The campaign to return Ethiopia’s looted obelisk from the Italy started in 1998. The Ethiopian government soon caught the fever. The Italian government was reticent about returning the obelisk because… well, what else will the Europeans be expected to return to Africa from their adventures in colonization. Meanwhile in Rome, lightening struck the monument. No, literally… lightening struck it.

This upset Prime Minister Meles. He was not going to stand by as the Italian government waffled about returning Ethiopia’s looted artifacts.

Contrived and erratic bouts of indignation, Mr. Prime Minister?

"During my stay in Rome, I sought a meeting with the Italian government but it replied that this was impossible because of the large number of guests in Rome," the prime minister told the Italian news agency Ansa.

"It made me very sad to see the obelisk humiliated, tied up with rope," he said.

Strong words that… Oh. I’m sorry. You’re not done with caricatural objurgation?? Do go on, Mr. Prime Minister.

"In 55 years, Italy has never said no, but always 'Yes, but,' to the subject of returning the obelisk," Meles said Wednesday.

"Today the government says it wants to restore it. But we're afraid this is just another excuse," he added.

"We just want to put an end to this story and turn over a new leaf. I feel more frustrated than angry," the prime minister said.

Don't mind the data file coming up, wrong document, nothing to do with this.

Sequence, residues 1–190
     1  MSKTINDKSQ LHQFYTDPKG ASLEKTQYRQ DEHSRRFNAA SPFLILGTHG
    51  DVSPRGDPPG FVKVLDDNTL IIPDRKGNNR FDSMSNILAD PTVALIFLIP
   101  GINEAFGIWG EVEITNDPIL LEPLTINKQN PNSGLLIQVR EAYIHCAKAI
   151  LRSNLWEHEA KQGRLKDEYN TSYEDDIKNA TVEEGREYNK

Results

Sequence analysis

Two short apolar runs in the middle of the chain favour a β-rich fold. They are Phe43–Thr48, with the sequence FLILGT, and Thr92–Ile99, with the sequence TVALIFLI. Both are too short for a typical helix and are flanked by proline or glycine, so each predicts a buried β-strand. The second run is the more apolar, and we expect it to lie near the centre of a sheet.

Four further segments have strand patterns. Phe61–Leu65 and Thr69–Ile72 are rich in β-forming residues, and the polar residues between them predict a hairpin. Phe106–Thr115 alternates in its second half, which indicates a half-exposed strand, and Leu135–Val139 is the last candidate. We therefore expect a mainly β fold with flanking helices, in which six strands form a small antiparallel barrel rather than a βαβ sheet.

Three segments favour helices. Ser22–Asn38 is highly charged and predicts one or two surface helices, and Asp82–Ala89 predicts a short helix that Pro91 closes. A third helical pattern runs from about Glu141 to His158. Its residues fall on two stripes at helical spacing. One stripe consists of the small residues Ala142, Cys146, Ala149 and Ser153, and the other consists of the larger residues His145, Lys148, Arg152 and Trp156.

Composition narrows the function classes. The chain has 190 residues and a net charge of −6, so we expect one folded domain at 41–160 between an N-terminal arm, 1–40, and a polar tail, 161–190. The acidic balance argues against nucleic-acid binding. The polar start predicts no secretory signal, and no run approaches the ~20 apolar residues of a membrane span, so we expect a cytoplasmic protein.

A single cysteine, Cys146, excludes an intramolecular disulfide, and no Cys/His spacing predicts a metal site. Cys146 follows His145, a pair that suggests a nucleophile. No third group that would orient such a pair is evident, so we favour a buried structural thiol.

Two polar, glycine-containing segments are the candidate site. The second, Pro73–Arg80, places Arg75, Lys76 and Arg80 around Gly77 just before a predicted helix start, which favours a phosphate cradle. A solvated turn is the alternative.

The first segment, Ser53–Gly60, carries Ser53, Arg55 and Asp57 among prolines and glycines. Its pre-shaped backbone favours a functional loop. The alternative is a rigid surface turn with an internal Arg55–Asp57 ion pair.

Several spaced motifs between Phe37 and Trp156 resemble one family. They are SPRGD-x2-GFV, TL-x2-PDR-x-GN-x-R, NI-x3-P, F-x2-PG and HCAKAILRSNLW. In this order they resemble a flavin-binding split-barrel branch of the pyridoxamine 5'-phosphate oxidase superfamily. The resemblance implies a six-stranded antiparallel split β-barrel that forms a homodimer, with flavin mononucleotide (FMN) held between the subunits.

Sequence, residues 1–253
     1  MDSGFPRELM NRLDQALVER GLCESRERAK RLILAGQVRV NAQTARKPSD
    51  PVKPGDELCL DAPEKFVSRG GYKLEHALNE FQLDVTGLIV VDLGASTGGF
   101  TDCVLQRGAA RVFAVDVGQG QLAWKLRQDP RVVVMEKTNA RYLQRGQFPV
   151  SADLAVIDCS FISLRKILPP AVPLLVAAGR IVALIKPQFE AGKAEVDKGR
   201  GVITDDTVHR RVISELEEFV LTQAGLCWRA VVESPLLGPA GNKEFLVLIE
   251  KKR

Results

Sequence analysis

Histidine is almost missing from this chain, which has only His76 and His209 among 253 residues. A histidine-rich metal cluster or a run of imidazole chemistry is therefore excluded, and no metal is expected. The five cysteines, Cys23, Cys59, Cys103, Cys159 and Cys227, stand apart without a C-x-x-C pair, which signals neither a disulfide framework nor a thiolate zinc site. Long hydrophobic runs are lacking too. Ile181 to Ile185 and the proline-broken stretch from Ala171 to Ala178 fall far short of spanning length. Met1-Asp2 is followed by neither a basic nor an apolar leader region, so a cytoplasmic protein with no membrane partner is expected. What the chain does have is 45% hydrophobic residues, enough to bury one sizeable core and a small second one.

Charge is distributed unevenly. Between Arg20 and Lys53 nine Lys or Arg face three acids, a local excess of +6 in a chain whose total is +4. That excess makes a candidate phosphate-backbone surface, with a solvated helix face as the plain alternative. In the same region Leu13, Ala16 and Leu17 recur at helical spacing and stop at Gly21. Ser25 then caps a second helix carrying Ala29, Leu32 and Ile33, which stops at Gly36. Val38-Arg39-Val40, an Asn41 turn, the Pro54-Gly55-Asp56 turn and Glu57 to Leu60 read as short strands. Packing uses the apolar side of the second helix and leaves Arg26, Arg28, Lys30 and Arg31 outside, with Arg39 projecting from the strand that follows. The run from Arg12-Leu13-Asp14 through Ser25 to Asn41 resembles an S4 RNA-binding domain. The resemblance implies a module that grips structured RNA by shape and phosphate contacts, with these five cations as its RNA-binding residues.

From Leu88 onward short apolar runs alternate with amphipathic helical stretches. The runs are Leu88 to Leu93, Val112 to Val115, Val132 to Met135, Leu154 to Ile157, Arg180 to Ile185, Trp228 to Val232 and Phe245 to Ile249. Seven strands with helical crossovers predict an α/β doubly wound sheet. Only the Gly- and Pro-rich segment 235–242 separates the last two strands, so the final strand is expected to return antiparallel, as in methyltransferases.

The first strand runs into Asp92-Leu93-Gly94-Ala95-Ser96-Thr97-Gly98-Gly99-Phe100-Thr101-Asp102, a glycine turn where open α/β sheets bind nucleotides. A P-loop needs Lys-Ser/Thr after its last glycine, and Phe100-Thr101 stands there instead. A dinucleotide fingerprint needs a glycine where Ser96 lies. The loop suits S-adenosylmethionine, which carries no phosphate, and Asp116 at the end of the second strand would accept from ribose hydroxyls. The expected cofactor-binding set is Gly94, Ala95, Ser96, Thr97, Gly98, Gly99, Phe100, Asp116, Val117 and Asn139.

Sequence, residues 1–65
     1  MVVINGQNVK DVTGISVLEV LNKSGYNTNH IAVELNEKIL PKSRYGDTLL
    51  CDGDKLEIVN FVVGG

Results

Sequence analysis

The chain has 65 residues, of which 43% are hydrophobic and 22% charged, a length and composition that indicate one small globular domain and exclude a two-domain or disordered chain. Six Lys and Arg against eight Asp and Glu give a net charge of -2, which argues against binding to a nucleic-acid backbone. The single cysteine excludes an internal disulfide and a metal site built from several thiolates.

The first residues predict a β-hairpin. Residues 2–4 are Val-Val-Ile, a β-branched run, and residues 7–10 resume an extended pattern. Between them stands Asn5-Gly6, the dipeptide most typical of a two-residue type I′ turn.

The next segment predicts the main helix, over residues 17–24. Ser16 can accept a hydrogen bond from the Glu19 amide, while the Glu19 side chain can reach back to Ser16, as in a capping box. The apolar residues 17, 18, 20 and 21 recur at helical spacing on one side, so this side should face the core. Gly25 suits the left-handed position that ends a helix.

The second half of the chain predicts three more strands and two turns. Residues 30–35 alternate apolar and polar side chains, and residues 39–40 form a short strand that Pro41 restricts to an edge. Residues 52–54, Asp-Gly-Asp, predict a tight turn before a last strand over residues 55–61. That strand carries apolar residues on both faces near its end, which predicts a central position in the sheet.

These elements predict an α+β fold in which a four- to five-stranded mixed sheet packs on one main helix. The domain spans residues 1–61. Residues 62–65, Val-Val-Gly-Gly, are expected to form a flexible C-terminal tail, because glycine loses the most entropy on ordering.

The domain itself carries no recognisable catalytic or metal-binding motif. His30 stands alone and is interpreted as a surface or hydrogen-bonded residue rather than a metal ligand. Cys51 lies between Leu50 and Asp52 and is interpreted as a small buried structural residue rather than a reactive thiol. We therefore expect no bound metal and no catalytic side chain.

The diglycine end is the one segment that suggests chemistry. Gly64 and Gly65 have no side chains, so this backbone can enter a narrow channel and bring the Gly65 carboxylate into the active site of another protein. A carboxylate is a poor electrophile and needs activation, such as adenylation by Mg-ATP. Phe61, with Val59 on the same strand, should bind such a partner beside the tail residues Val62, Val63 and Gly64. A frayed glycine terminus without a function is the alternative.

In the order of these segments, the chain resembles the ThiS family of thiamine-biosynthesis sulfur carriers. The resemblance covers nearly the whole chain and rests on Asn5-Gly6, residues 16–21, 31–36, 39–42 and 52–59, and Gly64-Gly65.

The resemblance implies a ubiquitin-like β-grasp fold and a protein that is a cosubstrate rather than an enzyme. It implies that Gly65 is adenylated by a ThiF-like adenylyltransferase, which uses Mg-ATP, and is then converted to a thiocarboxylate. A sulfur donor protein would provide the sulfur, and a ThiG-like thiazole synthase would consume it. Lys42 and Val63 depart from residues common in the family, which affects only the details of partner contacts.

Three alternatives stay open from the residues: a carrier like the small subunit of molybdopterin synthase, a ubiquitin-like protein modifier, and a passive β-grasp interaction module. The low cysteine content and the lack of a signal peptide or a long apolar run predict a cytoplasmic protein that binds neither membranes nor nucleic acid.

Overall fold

Ah, yes, feelings.

So the first part of the obelisk was returned on April 19, 2005. The celebrations continued until all parts were returned. Oh, the celebrations! (see Andrew Heavens’ pictures on Flickr.) Everyone from the prime minister to frighteningly tacky personalities decked in velour jumpsuits, veterans from the Ethio-Italo war to bejeweled Orthodox priests celebrated this long awaited day. Victory to the masses, thank you, good night and drive safely.

One year later… well, let’s just say we might need those priests back to sprinkle more holy water on the obelisk ‘coz it is refusing to erect itself back in its rightful place. Damn Italians. Probably put a hex on it because…

February 27, 2006: Prized obelisk lies forgotten in Ethiopia.

Nearly a year after a triumphant return home, three pieces of Ethiopia's national pride are still in their boxes.

Hm. Earlier we were told that the obelisk would be erected in September 2005, after the rainy season. But let’s not quibble about dates.

For Ethiopians who watched the three granite pieces flown home to cheers and cries of joy nearly seven decades after the national treasure was taken to Rome, that is almost inexcusable.

"Unless it is erected, if it lies there, what purpose does it serve for the people?" pensioner Wolde Rufael Asfaw asked.